Tony Vaccaro’s mother died in childbirth, and at a young age he also lost his father to tuberculosis. At the age of 5 he was orphaned in Italy and withstood the blows of his uncle. As an American soldier in World War II, he survived the Battle of Normandy.
Today, a famous war photographer and celebrity at the age of 97, he overcame a battle with KOVID-19. He attributes his longevity to blind happiness, red guilt and determination.
For me, the greatest thing you can do is challenge the world, Wakcaro said. And I win most of those calls. That makes me want to leave.
Vaccaro’s courage led him to a life that began as a combat fantasist when he pulled out his camera and captured nearly 8,000 images of everyday and terrible moments.
In one of his famous paintings, The Kiss of Liberation, an American sergeant kisses a young French woman at the end of the fascist occupation.
In 2016 the documentary film HBO Under Fire was presented to him: The history of Tony Vaccaro’s PFC and his paintings can be seen in museums such as the Centre Pompidou in Paris and the Metropolitan Museum of Art in New York.
Vaccaro documented the reconstruction of Europe and returned to the United States, where he became known as a fashion photographer and celebrity for magazines such as Look, Life and Harper’s Bazaar.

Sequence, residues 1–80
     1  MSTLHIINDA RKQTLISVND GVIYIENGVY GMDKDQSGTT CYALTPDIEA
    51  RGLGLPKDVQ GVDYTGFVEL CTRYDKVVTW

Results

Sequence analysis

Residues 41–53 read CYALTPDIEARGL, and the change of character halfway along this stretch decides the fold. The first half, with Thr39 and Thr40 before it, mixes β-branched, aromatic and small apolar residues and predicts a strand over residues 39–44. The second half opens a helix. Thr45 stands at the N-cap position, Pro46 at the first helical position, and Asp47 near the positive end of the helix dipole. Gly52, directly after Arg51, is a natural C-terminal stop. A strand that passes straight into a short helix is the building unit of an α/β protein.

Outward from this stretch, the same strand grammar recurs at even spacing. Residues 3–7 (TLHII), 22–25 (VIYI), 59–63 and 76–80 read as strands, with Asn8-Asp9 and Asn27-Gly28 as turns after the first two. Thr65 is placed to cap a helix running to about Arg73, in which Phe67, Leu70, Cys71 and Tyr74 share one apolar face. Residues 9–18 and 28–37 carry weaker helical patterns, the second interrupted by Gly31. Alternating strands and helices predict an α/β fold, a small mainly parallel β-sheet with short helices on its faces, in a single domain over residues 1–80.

He has excellent memories of his subjects and their great personalities, including Sophia Loren, John F. Kennedy, Enzo Ferrari, Georgia O’Keefe and Pablo Picasso.
He and Picasso understood each other as brothers. But the artist does not relax during the photo shoot, so Vaccaro fools him by pretending that his camera is broken and that his photos are not real.
He kept pretending to be a male model. I didn’t like it, Vaccaro said. I wanted the image to be realistic. An honest picture. And that’s what happened.
Vaccaro lives in Queens, a coronavirus-infested area of New York City, with his son Frank, his twin grandchildren and his sister-in-law Maria, who manages his 500,000 photo archives.
This 1960 photograph by Tony Vacarro shows the artist Georgia O’Keefe posing with her painting The Palvis Series, Red and Yellow in Taos Pueblo, New Mexico. Vaccaro, 97, was married at 83. Infantry Division thrown in World War II, which like Carl Shea fought in Normandy and then approached Schmetz for the battle of Bull. In addition to the military equipment he also wore a camera and after the war he became a fashion photographer and celebrity. Covid-19 caught up with him last month. As if he had stripped himself of all the bad things life had given him and attributed his survival to simple happiness. (Photo courtesy of Tony Vaccaro via AP)
He may have contracted the virus in April through his son or while walking in their area, his sister-in-law said.
He was in hospital for only two days with mild symptoms and was recovering for another week.
Then he surprised everyone by standing up and shaving.
That’s all, she says. He’s leaving like nothing happened.
The family is working on another documentary about his life before and after the war, but the pandemic has stopped production because it is not safe to bring a film crew to the apartment.
We’re joking that Tony COVID-19 survived because he wants to tell the rest of his story, says Maria Vaccaro.
But it also reminded him of his happiness.
I feel really happy on my back, he said. And I can go anywhere on this earth and get over it.
(This story was published by a telegraphic agency without the text being changed. Only the title has been changed).
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